ESCMID Study Group for Infections in Compromised Hosts (ESGICH) Consensus Document on the safety of targeted and biological therapies: An infectious diseases perspective (Soluble immune effector molecules [II]: Agents targeting interleukins, immunoglobulins and complement factors)

Kevin Winthrop, X. Mariette, J. T. Silva, E. Benamu, L. H. Calabrese, A. Dumusc, J. S. Smolen, J. M. Aguado, M. Fernández-Ruiz

Research output: Contribution to journalArticle

46 Scopus citations

Abstract

Background: The present review is part of the ESCMID Study Group for Infections in Compromised Hosts (ESGICH) Consensus Document on the safety of targeted and biological therapies. Aims: To review, from an Infectious Diseases perspective, the safety profile of agents targeting interleukins, immunoglobulins and complement factors and to suggest preventive recommendations. Sources: Computer-based MEDLINE searches with MeSH terms pertaining to each agent or therapeutic family. Content: Patients receiving interleukin-1 (IL-1) -targeted (anakinra, canakinumab or rilonacept) or IL-5-targeted (mepolizumab) agents have a moderate risk of infection and no specific prevention strategies are recommended. The use of IL-6/IL-6 receptor-targeted agents (tocilizumab and siltuximab) is associated with a risk increase similar to that observed with anti-tumour necrosis factor-α agents. IL-12/23-targeted agents (ustekinumab) do not seem to pose a meaningful risk of infection, although screening for latent tuberculosis infection may be considered and antiviral prophylaxis should be given to hepatitis B surface antigen-positive patients. Therapy with IL-17-targeted agents (secukinumab, brodalumab and ixekizumab) may result in the development of mild-to-moderate mucocutaneous candidiasis. Pre-treatment screening for Strongyloides stercoralis and other geohelminths should be considered in patients who come from areas where these are endemic who are receiving IgE-targeted agents (omalizumab). C5-targeted agents (eculizumab) are associated with a markedly increased risk of infection due to encapsulated bacteria, particularly Neisseria spp. Meningococcal vaccination and chemoprophylaxis must be administered 2-4 weeks before initiating eculizumab. Patients with high-risk behaviours and their partners should also be screened for gonococcal infection. Implications: Preventive strategies are particularly encouraged to minimize the occurrence of neisserial infection associated with eculizumab.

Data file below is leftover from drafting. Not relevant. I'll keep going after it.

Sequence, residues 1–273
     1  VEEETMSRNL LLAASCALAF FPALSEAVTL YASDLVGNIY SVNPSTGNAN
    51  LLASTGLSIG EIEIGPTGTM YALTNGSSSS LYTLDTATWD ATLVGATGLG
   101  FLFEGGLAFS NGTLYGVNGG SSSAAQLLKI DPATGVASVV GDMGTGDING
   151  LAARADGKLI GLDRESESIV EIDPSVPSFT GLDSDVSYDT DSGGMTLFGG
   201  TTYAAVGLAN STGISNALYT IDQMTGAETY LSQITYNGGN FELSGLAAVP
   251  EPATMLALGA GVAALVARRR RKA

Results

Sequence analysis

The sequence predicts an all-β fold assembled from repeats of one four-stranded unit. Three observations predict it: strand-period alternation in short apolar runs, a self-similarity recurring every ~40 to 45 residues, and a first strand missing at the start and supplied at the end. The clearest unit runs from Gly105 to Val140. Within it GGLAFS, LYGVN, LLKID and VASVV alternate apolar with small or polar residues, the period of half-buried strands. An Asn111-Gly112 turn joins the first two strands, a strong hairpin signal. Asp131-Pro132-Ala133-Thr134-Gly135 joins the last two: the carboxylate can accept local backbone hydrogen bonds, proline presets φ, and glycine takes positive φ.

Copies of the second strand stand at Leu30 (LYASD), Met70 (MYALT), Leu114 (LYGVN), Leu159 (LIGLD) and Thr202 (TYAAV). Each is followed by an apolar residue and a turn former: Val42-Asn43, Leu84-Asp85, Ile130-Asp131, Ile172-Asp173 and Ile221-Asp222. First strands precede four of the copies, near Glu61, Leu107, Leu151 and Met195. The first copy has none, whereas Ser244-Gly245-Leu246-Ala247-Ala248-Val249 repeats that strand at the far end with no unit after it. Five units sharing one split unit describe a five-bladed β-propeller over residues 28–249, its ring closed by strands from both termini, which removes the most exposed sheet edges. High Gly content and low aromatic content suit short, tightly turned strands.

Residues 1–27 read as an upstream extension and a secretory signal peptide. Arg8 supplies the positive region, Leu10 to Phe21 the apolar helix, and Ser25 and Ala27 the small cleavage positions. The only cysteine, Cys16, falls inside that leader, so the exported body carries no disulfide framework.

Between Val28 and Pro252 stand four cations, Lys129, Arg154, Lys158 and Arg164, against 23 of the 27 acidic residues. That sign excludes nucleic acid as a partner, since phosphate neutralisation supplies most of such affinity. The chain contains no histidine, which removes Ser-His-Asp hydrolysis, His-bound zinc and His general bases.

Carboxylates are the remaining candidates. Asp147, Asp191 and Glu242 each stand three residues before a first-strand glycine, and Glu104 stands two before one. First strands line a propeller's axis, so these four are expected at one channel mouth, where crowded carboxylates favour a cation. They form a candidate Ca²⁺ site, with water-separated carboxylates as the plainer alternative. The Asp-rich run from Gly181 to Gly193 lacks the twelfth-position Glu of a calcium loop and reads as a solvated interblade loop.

Original languageEnglish (US)
JournalClinical Microbiology and Infection
DOIs
StateAccepted/In press - Jan 1 2018

Keywords

  • Anakinra
  • Brodalumab
  • Canakinumab
  • Eculizumab
  • Infection
  • Ixekizumab
  • Prevention
  • Rilonacept
  • Secukinumab
  • Tocilizumab

ASJC Scopus subject areas

  • Microbiology (medical)
  • Infectious Diseases

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